A balanced diet is needed by every woman as they age. If we opt to eat healthy foods, it would be easier for us to get enough of the specific key nutrients that our body needs.
Magnesium is an essential element that is needed by more than 300 biochemical reactions in the body. Some of its main functions include supporting a healthy immune system, keeping the heartbeat steady, helping bones remain strong, and maintaining normal nerve and muscle function. Symptoms of magnesium deficiency include muscular spasms, cramps, lethargy, poor memory and sleep disorders.
Included on the list of the best sources of magnesium are sesame seeds, spinach, almonds, avocados, and nuts.
Our risk of osteoporosis can be lowered down if we build strong bones in our youth. Osteoporosis (means porous bone) is a disease that affects the density and quality of the bones. It occurs when the body loses too much bone, makes too little bone or both thereby resulting in weakened bones that may break from a fall or, in serious cases, from sneezing or minor bumps. Our bones continue to grow in density until our late teens and early 20s. We naturally lose bone density after the age of 35. Due to this, we need to obtain enough amounts of calcium and vitamin D to keep our bones strong and healthy.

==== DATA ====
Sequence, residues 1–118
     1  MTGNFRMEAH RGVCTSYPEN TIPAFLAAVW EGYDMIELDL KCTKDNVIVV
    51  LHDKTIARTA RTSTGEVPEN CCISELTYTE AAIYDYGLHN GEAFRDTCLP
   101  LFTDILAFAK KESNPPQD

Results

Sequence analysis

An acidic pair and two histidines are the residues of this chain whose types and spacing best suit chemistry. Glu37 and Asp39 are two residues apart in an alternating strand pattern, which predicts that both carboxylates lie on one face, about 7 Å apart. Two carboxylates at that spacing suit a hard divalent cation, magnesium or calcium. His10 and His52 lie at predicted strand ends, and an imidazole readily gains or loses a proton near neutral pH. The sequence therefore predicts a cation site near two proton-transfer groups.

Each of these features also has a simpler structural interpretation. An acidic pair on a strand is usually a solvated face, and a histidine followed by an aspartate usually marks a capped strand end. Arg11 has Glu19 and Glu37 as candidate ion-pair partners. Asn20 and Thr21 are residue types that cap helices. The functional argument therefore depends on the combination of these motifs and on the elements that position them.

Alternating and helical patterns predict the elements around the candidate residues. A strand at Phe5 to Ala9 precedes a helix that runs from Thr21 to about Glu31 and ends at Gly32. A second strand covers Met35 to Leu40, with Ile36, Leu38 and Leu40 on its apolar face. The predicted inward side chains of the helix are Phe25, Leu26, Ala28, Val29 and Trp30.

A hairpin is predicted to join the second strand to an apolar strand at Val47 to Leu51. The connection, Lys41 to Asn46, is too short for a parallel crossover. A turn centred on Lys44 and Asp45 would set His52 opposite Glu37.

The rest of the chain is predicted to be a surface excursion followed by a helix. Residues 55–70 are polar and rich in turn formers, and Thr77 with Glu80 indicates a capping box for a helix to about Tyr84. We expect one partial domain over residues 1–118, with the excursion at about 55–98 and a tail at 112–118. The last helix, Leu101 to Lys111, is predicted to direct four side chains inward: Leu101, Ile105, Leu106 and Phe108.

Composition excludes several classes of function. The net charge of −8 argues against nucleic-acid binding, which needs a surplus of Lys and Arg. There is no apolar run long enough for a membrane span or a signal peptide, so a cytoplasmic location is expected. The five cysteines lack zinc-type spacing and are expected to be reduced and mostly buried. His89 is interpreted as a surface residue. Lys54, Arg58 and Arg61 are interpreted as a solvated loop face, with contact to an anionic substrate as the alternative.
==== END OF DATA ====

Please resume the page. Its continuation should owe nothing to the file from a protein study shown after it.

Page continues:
Aside from dairy products, other sources of calcium include small-boned fish (sardines, anchovies), green leafy vegetables, almonds and seeds such as sesame and sunflower seeds.
Iron is another essential nutrient our body needs. One of the main roles of iron is to help our red blood cells transport oxygen to all parts of the body. It is also necessary to maintain healthy cells, skin, hair, and nails. An iron deficiency can make a person feel weak, unable to concentrate and more susceptible than normal to infection.
The best sources of iron are baked potatoes, beans and lentils, cashews, and dark green leafy vegetables such as spinach.
Folic acid or folate (vitamin B9) is an important nutrient especially during pregnancy as it helps prevent neural tube defects such as spina bifida. Folate is critical during the very early stages of pregnancy because the spinal cord is formed in the first 12 weeks.
Also, folate is needed to prevent anemia, produce energy, boost the immune system, and protect ourselves against heart diseases and stroke.
Some of the best sources of folate are spinach, tomato juice, steamed broccoli ad asparagus, and orange.